News flash: Greek life is a man’s world. At least that’s the case according to Samantha Wishman, a Penn grad. In her recent article for The Daily Beast, “Frat Culture’s Woman Problem,” Wishman argues that a double standard exists between fraternities and sororities on college campuses: while fraternities are often given almost free rein to party and are only subject to disciplinary action when they commit serious criminal offenses, sororities are strictly scrutinized by their national organizations for even holding parties with alcohol.
Wishman also brings up fraternity brothers’ marked acts of misogyny at even the most stereotypically liberal schools (does “no means yes, yes means anal” sound familiar?). Undoubtedly, this form of sexism and verbal violence is deeply disturbing. At first glance, Wishman’s complaint regarding equal partying standards seems almost petty in comparison to the feminist issues raised by the chauvinistic rituals practiced by fraternities at other schools (and maybe even Brown…remember a certain fraternity’s Spring Weekend t-shirts from two years ago?).
But, perhaps it is these sorts of double standards which are even more insidious than the more explicit sexism that everyone seems to be talking about. The moral outrage expressed in reaction to incidents like the Yale pledge chant and, as referenced in Wishman’s Daily Beast article, an email sent by a Kappa Sigma brother at USC calling female students “targets,” surely has spread beyond these scandals’ campus origins. But why is Wishman the only one to compare these two forms of sexism? If you’ve taken any public policy/AMCV/any humanities class ever in the world, you may or may not have taken away one important fact from the requisite civil rights lecture: institutional discrimination is far more sinister than the radical prejudice displayed by those on the margins. Perhaps we should be a lot more worried about the fact that sororities can’t have parties with alcohol, as it demonstrates that sexism has not only penetrated the social aspects of Greek life, but universities’ and national organizations’ systematic treatment of women. And, let’s be real, no one ever thought that that frat culture was ever really about holding women in the highest esteem.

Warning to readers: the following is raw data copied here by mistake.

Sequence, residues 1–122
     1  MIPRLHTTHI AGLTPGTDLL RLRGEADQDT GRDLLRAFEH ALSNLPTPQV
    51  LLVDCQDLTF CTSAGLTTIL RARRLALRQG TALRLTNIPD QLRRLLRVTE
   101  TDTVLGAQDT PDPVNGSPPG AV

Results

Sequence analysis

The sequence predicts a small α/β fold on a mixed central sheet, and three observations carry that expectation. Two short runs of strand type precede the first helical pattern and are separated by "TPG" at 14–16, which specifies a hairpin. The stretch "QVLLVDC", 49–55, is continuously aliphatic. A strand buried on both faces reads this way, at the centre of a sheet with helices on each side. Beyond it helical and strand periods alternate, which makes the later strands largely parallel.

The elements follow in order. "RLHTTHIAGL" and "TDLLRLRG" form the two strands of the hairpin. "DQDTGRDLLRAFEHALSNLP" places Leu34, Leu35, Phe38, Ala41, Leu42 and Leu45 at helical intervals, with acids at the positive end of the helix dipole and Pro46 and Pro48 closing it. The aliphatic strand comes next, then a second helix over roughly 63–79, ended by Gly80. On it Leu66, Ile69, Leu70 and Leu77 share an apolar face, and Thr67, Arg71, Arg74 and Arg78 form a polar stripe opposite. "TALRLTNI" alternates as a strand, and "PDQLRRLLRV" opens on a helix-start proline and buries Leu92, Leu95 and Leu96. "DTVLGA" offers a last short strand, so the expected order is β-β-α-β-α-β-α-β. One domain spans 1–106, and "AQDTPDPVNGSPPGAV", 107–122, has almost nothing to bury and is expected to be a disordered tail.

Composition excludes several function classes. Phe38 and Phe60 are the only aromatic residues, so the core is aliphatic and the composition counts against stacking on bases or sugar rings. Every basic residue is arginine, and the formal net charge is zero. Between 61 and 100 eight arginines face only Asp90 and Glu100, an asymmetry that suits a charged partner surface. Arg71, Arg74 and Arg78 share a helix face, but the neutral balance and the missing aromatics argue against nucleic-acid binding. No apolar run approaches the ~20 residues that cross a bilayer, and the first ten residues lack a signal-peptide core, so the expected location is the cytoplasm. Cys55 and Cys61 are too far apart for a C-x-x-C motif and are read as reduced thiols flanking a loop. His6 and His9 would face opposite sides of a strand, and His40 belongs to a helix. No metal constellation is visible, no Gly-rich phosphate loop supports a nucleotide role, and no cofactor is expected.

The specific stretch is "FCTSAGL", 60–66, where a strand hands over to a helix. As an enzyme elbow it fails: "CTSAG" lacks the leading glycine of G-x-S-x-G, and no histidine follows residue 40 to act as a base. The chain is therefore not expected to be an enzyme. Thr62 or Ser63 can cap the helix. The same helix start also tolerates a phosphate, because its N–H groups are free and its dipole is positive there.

To read Wishman’s full article and decide for yourself on this issue, click through to the Daily Beast. Have an opinion? Leave it in the comments!
Correction: Due to an editing snafu, an older draft of this post was published, falsely indicating that sororities at Brown are dry due to Rhode Island state law. In reality, the prohibition on alcohol for both on-campus sororities at Brown comes from their national organizations.